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The Pre-pack and the Dutch Transfer of Business Act

Updated: Aug 9, 2023

As early as 2015 ( as a result of a European Claim), the Netherlands has been working on amending the Dutch Bankruptcy Act by introducing the so-called Pre-pack (officially: the Dutch Continuity of Enterprises Act). In short, the Pre-pack concerns the preparation of a restart before bankruptcy, which the trustee executes immediately after the bankruptcy is declared with the authorization of the bankruptcy judge. The Pre-pack has two goals. The first goal is a structured and efficient settlement of bankruptcies. The second goal is good preparation before bankruptcy for an intended relaunch of (part of) a company after bankruptcy.

The Pre-pack does not (yet) have a legal basis, but in practice the courts already regularly appoint so-called intended curators (and intended supervisory judges) who advise the company before bankruptcy in order to steer a restructuring or relaunch in the right direction. Not all courts in the Netherlands participate in the Pre-pack: Limburg District Court does not participate as long as there is no legal basis for the Pre-pack.

The original bill to introduce the Pre-pack was already passed by the Dutch Second Chamber in mid-2016. Treatment in the First Chamber, however, is significantly delayed. Partly as a result of a ruling by the European Court of Justice, a new round of consultation is taking place and, for example, trade unions and experienced bankruptcy curators are being asked to advise.

Said ruling of the European Court (of June 22, 2017 in the so-called Estro case) seems to be putting a stop to the Pre-pack. In the ruling in question, the European Court ruled, in short, that a Pre-pack bankruptcy is a form of transfer of undertaking within the meaning of the Dutch Transfer of Business Act. As a result, after the bankruptcy of the company, the employees can claim that they automatically entered the service of the re-starter, retaining all their rights. This ruling is notable because under Dutch law and case law until that time, bankruptcy meant the very end of employment contracts with employees. It was precisely in those cases that employers could not invoke the Dutch Transfer of Business Act. The basis for the decision of the European Court was that the Pre-pack is a bankruptcy procedure, which is not aimed at liquidating the assets of the company, but at continuing the company after bankruptcy.

On July 10, 2018 and July 17, 2018, respectively, the Amsterdam Court of Appeal and the Arnhem-Leeuwarden Court of Appeal nuanced the ruling of the European Court. In both cases, in the context of the Pre-pack, an intended curator had been appointed who, prior to bankruptcy, had considered both the possibilities of a restart after bankruptcy and also the possibility of liquidation, and where the decision for a restart was actually taken after bankruptcy. In both cases, the court ruled that there was no transfer of business (and thus the restarting company did not "automatically" take over the employees of the bankrupt company). The difference is in the degree of preparedness for a restart. If the restart was in fact completed before the bankruptcy and made final the day after the bankruptcy, there is a good chance that a situation as referred to in the Dutch Transfer of Business Act will be deemed to exist. If, prior to bankruptcy, only the possibilities of a relaunch, in addition to the possibility of liquidation, are examined and negotiations about a relaunch are only completed after bankruptcy, there is a real chance that it will not be judged that there is a transfer of business.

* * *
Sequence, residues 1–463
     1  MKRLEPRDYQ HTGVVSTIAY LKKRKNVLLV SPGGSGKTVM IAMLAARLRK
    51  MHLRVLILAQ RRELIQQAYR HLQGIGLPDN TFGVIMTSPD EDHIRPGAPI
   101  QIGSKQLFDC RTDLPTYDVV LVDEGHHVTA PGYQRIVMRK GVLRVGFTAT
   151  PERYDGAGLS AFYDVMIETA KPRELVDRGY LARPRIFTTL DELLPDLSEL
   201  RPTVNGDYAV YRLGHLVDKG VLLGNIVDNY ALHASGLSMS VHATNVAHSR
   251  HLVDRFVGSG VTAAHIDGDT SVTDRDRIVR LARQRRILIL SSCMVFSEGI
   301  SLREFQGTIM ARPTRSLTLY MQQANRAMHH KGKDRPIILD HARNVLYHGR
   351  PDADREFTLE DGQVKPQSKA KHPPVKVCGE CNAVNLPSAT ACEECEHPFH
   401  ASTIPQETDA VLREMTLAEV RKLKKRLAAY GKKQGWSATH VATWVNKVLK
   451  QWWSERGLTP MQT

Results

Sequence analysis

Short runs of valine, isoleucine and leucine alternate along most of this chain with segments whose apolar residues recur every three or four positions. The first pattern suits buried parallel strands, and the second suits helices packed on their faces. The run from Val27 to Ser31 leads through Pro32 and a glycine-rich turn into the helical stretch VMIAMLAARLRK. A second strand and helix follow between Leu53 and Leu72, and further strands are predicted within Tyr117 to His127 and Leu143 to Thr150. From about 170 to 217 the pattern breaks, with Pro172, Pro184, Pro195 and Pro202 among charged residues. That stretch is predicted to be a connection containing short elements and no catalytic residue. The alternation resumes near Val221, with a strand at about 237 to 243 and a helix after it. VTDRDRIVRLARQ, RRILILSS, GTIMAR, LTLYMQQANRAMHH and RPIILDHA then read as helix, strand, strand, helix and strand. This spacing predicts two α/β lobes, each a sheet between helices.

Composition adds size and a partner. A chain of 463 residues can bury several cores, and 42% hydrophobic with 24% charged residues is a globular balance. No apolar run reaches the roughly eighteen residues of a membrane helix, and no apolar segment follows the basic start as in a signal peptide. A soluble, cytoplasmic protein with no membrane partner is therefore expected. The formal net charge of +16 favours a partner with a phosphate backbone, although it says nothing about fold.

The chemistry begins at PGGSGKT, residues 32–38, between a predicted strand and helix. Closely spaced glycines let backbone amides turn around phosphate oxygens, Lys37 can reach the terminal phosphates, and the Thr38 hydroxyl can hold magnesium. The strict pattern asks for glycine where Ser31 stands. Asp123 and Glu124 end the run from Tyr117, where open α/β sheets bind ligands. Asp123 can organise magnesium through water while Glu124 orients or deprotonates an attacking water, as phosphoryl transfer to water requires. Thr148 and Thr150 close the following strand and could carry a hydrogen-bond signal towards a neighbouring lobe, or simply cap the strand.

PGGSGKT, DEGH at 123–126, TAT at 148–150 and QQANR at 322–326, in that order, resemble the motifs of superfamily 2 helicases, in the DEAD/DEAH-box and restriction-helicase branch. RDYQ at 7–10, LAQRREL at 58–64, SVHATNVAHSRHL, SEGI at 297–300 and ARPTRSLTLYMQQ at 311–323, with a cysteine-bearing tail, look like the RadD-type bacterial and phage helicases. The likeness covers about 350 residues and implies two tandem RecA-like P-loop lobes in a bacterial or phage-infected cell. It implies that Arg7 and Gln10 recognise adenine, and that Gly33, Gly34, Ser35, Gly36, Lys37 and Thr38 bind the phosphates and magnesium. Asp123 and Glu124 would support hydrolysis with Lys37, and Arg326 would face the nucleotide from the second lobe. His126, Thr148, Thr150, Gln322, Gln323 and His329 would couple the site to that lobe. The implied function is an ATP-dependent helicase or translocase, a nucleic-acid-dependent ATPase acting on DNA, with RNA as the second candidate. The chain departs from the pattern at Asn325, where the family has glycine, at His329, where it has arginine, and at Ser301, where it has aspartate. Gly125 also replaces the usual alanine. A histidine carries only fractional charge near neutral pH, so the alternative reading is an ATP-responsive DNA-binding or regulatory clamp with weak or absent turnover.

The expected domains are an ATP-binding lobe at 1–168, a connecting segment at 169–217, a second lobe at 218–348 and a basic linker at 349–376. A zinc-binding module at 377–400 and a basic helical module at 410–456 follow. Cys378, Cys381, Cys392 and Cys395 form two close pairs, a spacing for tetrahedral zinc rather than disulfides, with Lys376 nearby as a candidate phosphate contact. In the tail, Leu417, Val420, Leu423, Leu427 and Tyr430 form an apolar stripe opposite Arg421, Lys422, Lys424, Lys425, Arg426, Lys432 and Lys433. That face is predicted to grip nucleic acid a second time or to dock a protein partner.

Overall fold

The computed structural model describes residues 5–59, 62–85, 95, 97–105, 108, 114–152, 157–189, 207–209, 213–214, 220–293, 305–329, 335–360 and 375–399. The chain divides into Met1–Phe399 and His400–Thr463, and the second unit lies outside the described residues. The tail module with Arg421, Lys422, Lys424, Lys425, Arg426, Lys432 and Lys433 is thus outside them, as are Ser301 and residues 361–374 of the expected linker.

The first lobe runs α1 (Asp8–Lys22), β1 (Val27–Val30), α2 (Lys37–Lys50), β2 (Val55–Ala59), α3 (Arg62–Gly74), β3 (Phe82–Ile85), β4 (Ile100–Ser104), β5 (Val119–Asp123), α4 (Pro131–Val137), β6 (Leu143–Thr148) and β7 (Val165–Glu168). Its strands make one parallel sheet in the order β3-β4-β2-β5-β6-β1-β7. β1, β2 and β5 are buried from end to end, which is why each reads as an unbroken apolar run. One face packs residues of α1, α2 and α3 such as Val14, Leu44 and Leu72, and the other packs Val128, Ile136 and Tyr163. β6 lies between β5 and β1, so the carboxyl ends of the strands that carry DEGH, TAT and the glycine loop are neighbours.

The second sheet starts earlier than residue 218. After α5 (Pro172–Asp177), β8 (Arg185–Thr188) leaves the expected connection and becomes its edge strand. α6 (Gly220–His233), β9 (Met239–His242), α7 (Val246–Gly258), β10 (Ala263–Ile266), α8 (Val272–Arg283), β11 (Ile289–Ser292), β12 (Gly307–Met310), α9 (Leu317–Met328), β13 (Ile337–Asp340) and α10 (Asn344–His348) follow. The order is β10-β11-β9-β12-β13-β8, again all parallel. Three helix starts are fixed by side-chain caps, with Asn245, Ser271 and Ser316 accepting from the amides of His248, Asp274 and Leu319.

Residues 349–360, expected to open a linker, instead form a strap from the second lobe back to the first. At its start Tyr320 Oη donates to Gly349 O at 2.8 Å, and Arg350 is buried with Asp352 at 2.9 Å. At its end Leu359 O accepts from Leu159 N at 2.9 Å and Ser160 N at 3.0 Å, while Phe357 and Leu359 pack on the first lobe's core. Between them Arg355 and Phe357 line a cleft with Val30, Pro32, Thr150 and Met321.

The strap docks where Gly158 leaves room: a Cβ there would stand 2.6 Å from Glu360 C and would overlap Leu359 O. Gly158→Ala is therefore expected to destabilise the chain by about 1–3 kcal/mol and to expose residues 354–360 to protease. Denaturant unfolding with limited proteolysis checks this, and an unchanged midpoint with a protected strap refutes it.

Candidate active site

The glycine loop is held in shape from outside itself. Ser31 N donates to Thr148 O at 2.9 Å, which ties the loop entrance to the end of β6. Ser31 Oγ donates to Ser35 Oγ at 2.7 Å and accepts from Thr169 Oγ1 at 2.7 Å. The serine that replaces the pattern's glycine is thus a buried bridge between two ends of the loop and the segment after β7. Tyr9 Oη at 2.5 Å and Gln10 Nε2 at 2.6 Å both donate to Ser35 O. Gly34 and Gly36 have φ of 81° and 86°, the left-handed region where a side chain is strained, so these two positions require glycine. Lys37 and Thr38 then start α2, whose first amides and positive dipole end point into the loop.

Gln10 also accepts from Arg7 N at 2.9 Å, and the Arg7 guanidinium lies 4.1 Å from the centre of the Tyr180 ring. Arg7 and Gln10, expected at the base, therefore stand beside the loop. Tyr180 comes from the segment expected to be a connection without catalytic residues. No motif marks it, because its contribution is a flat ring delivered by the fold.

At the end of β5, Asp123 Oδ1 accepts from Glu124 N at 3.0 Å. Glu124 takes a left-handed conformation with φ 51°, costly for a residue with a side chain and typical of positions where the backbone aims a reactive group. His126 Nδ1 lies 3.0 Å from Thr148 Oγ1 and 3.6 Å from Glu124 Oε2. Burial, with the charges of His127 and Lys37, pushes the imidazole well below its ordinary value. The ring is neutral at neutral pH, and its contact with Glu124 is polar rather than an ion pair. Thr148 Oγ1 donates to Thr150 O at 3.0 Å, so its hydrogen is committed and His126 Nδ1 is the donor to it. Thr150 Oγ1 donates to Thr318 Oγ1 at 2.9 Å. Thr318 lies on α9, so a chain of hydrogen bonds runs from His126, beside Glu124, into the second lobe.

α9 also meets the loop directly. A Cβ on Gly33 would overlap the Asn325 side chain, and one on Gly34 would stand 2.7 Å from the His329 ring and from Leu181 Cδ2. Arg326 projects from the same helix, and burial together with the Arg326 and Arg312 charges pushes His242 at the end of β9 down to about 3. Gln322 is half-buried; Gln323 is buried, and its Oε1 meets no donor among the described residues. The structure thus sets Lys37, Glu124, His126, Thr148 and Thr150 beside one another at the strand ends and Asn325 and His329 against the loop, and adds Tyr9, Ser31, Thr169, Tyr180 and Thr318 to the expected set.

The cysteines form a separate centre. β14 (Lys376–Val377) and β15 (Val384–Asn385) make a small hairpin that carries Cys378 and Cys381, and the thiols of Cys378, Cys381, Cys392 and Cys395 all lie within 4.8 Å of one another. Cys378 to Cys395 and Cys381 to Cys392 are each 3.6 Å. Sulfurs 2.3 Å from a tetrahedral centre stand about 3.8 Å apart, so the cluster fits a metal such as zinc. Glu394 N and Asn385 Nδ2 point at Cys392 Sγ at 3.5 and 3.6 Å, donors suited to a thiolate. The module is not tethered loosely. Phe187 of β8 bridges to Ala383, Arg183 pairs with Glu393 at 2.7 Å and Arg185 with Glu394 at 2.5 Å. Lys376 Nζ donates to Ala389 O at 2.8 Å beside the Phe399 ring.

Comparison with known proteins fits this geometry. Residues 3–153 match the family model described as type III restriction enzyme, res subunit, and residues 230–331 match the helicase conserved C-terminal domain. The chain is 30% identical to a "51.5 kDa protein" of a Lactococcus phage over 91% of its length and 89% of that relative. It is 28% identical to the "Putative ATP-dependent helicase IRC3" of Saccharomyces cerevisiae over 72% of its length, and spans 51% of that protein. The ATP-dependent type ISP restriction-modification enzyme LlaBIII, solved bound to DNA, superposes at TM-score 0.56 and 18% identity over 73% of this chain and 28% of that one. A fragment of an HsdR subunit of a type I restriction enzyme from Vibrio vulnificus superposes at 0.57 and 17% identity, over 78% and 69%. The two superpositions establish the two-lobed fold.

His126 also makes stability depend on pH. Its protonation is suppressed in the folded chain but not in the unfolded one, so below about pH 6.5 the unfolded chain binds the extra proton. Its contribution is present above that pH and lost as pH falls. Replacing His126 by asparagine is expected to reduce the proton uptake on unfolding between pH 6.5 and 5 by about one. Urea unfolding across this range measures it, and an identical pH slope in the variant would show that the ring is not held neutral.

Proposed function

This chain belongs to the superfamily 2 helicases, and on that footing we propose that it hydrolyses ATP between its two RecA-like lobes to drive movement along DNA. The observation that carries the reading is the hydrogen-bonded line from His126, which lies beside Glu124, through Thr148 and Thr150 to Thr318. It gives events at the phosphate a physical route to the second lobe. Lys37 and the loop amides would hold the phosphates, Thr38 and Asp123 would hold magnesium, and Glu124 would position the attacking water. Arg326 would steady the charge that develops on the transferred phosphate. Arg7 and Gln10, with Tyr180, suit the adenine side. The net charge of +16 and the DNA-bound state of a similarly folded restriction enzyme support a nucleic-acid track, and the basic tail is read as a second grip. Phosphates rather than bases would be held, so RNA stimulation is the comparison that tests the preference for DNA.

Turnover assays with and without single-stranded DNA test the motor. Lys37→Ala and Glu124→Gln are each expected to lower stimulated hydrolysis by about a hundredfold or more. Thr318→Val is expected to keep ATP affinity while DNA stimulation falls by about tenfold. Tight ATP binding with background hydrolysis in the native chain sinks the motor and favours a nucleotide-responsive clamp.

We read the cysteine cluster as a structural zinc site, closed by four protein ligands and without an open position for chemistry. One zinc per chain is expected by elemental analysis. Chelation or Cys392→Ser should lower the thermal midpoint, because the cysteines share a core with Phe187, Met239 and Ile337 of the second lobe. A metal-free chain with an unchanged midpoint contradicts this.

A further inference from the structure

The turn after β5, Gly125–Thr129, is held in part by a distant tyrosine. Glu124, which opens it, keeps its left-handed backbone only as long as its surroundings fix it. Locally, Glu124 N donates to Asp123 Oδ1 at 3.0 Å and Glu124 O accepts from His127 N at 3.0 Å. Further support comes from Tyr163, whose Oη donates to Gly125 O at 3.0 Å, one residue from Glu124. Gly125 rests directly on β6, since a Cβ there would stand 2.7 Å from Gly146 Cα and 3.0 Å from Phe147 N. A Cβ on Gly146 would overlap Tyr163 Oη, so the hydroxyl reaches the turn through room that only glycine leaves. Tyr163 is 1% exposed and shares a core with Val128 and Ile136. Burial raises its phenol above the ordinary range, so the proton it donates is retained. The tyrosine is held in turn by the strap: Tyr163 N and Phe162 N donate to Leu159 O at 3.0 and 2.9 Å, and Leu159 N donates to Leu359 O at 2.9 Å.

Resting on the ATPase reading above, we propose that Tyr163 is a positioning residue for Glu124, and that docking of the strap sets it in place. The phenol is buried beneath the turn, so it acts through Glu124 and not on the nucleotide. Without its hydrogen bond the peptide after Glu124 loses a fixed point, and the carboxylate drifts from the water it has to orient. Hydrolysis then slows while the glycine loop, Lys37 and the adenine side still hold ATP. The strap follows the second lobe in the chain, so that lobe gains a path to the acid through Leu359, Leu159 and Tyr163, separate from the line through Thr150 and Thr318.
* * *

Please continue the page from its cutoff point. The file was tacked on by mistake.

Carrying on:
This issue was also raised in a recent ruling of the Limburg District Court. That case involved a pre-pack. The subdistrict court ruled that the bankruptcy proceedings had been initiated with a view to restarting the bankrupt company and were not (purely) aimed at liquidating the assets of the bankrupt company. In such a situation, the protective rules of the Transfer of Business Act retain their effect, the subdistrict court ruled. The subdistrict court then ruled that there was a transfer of business.

Therefore, as long as no legal regulation on the Pre-pack has been introduced, it remains uncertain whether or not there is a transfer of business in the case of a restart of a bankrupt company. Thus putting a considerable brake on the practice of the Pre-pack.

Separate from the discussion about the Pre-pack is an initiative of the EU Ministers of Justice who met in Luxembourg at the beginning of October and agreed on the preparation of a European directive that will allow timely restructuring of a company in trouble, in order to prevent the company in question from failing. A final European directive will still be some years away, but the upside is that consideration is being given to creating, as in the U.S., a type of bankruptcy procedure that does not aim to liquidate the entrepreneur, but rather to continue it. Time will tell.

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